A lawsuit challenging a building permit granted by San Francisco was not filed and served before the statute of limitations deadline, the First District Court of Appeal has ruled. The court also held that the city's notice of decision and order did not deceive the project opponent regarding the deadline.

In April 2002, David Robins and Marge Chambers applied for a variance to add onto their house in the Bernal Heights district. After receiving the Planning Department's approval of the variance, Robins and Chambers applied for a building permit. Their neighbor Lisa Honig then filed a request for discretionary review of the building permit application. After a hearing in December 2002, the Planning Commission denied the request for discretionary review. Two months later, the city issued the building permit. However, Honig appealed the permit issuance to the Board of Appeals. She argued that the variance would allow Robins and Chambers to create a code violation and a fire hazard. In a notice and order dated June 10, 2003, the Board of Appeals upheld issuance of the building permit.

On September 8, 2003, Honig filed a lawsuit against the city and her neighbors, alleging that the city's decisions conflicted with the municipal Planning Code, and that the decisions created a code violation and nuisance. Honig asked the court to set aside the variance and order removal of her neighbors' addition.

The city said Honig was too late. In Superior Court, Honig conceded that she had missed the deadline for filing and serving a lawsuit over the variance but contended she could still challenge the building permit. San Francisco Superior Court Judge Ronald Quidachay ruled that Honig had 90 days to file and serve the lawsuit, and that she missed the service deadline. On appeal, a unanimous three-judge panel of the First District upheld the lower court.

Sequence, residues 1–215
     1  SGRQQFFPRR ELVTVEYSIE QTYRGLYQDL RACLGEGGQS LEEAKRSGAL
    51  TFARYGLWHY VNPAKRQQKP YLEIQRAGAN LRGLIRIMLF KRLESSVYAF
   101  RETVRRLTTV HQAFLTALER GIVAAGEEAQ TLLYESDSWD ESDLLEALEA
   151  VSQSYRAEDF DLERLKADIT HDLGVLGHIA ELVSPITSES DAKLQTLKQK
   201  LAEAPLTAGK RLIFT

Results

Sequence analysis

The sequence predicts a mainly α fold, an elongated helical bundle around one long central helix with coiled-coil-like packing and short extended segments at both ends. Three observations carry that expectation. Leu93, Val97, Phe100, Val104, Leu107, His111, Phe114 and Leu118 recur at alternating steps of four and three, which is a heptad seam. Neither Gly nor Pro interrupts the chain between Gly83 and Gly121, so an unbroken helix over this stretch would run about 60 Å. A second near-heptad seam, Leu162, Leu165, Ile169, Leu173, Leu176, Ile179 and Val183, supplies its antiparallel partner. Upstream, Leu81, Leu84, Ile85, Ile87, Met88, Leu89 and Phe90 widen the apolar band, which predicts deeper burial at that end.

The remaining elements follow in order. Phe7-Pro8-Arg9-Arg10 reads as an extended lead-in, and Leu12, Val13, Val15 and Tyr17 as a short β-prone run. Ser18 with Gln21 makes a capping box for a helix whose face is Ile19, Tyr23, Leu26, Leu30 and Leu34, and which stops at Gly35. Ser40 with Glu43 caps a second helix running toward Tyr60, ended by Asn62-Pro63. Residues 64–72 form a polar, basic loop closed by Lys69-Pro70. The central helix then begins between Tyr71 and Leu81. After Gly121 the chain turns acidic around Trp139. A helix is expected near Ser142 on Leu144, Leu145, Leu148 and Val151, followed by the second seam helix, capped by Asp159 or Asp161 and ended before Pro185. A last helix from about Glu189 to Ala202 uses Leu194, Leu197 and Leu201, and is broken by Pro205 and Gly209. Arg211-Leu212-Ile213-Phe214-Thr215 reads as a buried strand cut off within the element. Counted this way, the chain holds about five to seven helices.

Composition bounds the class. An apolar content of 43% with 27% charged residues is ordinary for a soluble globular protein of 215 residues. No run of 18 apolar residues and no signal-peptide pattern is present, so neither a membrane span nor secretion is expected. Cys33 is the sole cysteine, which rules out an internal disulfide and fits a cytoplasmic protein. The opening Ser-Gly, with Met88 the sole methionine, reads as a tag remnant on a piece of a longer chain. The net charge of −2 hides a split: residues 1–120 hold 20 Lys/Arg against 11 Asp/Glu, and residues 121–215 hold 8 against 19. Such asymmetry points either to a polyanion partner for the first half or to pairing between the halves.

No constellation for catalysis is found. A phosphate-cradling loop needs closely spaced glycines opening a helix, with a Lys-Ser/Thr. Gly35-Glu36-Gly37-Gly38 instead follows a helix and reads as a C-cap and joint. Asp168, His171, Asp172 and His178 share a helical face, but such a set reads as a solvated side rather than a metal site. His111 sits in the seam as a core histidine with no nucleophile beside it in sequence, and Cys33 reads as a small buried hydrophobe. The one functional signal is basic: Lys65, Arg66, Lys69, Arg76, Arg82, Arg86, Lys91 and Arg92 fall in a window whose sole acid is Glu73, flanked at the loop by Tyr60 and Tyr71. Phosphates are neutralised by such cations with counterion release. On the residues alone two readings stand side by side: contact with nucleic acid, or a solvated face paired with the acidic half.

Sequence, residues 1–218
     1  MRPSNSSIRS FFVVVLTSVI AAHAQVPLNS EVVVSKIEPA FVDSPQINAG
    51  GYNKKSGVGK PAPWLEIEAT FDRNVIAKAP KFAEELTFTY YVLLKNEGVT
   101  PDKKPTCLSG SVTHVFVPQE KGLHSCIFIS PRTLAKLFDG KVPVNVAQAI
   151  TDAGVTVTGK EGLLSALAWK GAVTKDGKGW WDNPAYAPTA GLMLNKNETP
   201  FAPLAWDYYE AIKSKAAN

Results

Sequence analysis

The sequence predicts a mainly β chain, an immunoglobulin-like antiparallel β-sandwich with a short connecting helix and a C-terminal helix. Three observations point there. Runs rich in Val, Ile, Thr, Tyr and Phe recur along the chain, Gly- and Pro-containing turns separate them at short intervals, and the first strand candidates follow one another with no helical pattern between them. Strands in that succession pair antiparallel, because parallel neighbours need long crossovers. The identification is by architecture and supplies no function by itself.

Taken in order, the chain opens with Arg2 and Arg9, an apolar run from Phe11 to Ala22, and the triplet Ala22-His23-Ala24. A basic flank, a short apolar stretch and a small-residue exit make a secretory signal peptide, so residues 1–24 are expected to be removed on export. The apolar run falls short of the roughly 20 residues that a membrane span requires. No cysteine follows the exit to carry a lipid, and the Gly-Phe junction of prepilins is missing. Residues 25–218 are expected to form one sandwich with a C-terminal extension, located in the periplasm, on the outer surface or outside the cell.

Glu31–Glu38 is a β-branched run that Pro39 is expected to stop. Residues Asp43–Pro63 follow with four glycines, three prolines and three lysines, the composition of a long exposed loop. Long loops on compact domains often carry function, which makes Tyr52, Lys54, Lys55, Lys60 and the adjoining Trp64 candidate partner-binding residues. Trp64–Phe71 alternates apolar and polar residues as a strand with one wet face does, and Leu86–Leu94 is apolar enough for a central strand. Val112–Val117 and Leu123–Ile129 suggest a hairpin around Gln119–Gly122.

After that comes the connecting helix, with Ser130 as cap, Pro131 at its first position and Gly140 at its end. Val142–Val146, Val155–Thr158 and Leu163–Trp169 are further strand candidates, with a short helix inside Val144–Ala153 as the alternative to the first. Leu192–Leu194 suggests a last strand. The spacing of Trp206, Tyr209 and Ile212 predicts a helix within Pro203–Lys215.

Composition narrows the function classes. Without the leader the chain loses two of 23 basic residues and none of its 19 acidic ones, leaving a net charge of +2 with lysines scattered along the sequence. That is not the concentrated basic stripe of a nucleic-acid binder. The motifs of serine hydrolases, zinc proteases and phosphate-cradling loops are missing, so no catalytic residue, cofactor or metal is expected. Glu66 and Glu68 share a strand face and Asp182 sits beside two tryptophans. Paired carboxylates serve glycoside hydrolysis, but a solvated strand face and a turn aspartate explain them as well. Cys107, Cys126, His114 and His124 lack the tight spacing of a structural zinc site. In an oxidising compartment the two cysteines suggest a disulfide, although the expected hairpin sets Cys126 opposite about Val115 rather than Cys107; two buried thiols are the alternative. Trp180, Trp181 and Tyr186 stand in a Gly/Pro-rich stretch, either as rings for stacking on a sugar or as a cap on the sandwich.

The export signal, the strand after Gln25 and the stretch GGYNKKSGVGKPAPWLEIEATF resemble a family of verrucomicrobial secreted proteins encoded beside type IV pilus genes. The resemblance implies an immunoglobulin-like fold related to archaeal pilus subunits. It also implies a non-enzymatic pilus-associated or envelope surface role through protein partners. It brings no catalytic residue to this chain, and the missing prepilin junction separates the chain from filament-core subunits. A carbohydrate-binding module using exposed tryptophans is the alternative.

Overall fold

Government Code §§ 65009 and 65903 set the time limits for challenging local land use decisions. Essentially, they give someone 90 days to commence and serve a lawsuit that contests a land use decision. The short deadline is intended to provide certainty to the government agency and the property owner. Honig argued that those statutes did not apply because she was attacking the building permit, not the variance, which was clearly covered by the statutes.

The First District would have none of this argument. “The attack on the building permit is, in reality, nothing more than a challenge to the variance,” Justice Mark Simons wrote for the court. “Nowhere in the petition is there any suggestion that the building permit contained a defect unrelated to the variance.” The issue involved zoning and planning; therefore, the court held, the 90-day statute of limitations applied.

Honig also argued that the city's notice of decision and order was deceptive. It stated that the time to file for judicial review of the decision was governed by Code of Civil Procedure § 1094.6. That statute requires the filing of an action within 90 days but says nothing about service of the lawsuit. Thus, Honig argued she received no notice of the 90-day service requirement.

The court said Honig needed to read the entire statute, which says that any conflicting, shorter statutes of limitations apply.

“[N]othing in the language of the notice of the Board of Appeals, or in the Code of Civil Procedure sections referenced in that notice, directed appellant to apply an incorrect and untimely limitations period to filing or serving her petition,” Justice Simons wrote.

The Case:
Honig v. San Francisco Planning Department, No. A106305, 05 C.D.O.S. 2166, 2005 DJDAR 2975. Filed March 10, 2005.
The Lawyers:
For Honig: Clifford Fried, Wiegel & Fried, (415) 552-8230.
For San Francisco: Judith Boyajian, deputy city attorney, (415) 554-4636.
For Robins and Chambers: Joel Yodowitz, Reuben & Junius, (415) 567-9000.